United States v. Rivera-Cruz, No. 16-2398 (1st Cir. 2017)Annotate this Case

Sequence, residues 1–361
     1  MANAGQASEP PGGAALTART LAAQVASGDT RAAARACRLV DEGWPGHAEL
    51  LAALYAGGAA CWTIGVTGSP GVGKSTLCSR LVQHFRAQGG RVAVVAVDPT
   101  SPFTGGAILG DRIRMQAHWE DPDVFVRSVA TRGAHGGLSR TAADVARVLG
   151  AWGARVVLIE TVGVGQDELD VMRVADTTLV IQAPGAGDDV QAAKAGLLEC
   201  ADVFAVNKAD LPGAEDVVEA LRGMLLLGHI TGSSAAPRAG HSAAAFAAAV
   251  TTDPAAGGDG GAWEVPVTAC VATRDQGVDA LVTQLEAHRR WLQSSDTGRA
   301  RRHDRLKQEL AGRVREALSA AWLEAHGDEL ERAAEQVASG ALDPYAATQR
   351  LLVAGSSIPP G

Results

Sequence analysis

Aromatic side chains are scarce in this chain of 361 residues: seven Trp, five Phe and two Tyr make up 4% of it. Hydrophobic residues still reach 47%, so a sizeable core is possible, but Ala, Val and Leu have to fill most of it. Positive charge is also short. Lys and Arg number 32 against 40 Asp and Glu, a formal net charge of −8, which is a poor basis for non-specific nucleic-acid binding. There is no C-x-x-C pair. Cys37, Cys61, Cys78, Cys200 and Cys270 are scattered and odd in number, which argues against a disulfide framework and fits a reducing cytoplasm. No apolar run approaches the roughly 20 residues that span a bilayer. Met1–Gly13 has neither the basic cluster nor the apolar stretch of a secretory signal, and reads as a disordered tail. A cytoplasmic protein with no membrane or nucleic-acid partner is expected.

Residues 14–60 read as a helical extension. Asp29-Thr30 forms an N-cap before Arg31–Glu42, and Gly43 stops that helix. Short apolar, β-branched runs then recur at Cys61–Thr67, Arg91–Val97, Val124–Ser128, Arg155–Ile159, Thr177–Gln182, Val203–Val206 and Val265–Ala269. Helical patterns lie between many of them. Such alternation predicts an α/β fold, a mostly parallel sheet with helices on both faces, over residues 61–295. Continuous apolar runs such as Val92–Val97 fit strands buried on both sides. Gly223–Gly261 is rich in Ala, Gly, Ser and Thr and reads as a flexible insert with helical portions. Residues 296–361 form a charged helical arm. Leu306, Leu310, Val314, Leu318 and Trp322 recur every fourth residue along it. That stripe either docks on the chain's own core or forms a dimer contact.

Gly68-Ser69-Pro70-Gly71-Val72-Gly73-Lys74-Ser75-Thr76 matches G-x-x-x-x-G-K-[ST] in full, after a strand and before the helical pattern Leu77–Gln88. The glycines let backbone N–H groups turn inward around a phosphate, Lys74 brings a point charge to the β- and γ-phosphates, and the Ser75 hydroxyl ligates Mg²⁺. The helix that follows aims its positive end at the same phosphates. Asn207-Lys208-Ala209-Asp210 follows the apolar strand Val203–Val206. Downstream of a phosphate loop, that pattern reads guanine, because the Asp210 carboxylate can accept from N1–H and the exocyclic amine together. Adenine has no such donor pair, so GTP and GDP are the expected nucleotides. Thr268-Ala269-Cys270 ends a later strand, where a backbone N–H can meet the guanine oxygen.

Police officers were searching a mall for a motorcyclist who had violated traffic laws when they were spotted by Rivera-Cruz, who ran, yelling "police!" into a walkie-talkie. The officers recovered a loaded revolver with an obliterated serial number from a fanny pack that Rivera-Cruz had tossed onto the ground during his flight. On the eve of trial, Rivera-Cruz pleaded guilty to being a felon in possession of a firearm. The Sentencing Guidelines calculations in his plea agreement included a three-level reduction in offense level for acceptance of responsibility. The plea agreement permitted Rivera-Cruz to argue for a sentence of 96 months, and the government to argue for a statutory-maximum sentence of 120 months. The Guidelines calculations in the presentence investigation report also contained a three-level reduction for acceptance for responsibility. Unlike the plea agreement, the PSR contained a four-level enhancement because the gun had an obliterated serial number. The resulting Guidelines sentencing range in the PSR was 110-137 months. The district court adopted the PSR's calculations, and sentenced Rivera-Cruz to 120 months in prison. The First Circuit affirmed, rejecting Rivera-Cruz’s argument that the plea agreement was invalid because it lacked consideration. As such, he argues that he should be entitled to withdraw his plea.